Analysis of Infant Plasma Concentrations
Paired plasma samples were collected from 12 breastfeeding women and their infants. The infant/maternal ratio of total lamotrigine concentration equaled 18.3% (95% CI: 9.5% to 27.0%); however, the infant/maternal ratio of free lamotrigine concentration was 1.7 times higher at 30.9% (95% CI: 13.4% to 48.3%), presumably as a consequence in part of lower plasma protein binding in the infants as evidenced by the fact that the ratio of free lamotrigine concentration/total lamotrigine concentration was 1.8 times higher in the infants than their mothers (53.5% vs 29.5%; paired t = 2.91; P < .02).
Complete sets of infant and maternal plasma concentrations at delivery, coupled with infant and maternal plasma concentration while nursing during the first 4 weeks of life (mean: 2.5 weeks postpartum [95% CI: 0.7 to 4.3 weeks]), were available for 4 infant-mother dyads. Among these 4 dyads, the neonate/mother ratio for total lamotrigine concentration at delivery was 12.2 times higher than that observed during lactation (96.5% [95% CI: 75.3% to 117.7%] vs 7.9% [95% CI: −3.3% to 19.2%]; paired t = −5.23; P < .02). Similarly, the infant/mother ratio for free lamotrigine concentration at delivery was 6.2 times higher than that observed during lactation (105.0% [95% CI: 91.9% to 118.1%] vs 17.1% [95% CI: 10.8% to 23.5%]; paired t = −5.24; P < .02).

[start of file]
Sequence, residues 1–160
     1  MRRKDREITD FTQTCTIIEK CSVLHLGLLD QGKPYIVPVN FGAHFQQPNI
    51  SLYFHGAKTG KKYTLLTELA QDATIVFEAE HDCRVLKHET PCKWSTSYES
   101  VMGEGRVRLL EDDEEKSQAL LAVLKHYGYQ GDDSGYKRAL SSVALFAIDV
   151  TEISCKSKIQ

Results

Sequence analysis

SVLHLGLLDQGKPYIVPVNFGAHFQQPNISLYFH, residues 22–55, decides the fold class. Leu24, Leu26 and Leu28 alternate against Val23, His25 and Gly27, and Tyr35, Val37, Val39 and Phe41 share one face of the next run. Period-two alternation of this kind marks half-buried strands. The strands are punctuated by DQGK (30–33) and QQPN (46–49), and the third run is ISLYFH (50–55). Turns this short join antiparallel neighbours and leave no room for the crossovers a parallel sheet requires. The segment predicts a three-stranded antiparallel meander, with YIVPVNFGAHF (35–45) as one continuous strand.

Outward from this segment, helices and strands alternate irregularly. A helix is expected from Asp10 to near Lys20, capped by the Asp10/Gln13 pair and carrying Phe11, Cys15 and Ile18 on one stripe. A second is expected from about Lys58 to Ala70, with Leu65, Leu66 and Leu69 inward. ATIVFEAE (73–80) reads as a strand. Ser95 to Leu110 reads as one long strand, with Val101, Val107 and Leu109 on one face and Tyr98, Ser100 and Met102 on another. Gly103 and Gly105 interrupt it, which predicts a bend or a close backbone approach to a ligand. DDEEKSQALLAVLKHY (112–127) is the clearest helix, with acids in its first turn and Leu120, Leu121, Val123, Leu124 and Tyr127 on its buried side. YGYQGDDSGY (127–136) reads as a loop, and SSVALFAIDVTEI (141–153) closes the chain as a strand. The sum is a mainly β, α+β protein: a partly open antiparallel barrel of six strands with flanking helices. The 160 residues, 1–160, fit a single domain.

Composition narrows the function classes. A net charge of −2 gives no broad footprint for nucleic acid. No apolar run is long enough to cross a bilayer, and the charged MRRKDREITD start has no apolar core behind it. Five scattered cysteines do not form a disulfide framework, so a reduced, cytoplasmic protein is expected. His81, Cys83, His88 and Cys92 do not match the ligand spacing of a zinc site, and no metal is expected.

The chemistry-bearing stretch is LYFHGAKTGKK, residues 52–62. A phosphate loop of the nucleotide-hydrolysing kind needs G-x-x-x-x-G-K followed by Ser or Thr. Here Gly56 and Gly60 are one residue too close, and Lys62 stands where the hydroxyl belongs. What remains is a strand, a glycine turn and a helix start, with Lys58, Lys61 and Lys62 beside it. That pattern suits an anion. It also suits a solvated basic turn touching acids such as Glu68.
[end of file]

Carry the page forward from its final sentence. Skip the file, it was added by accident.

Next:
Review of Infant Outcomes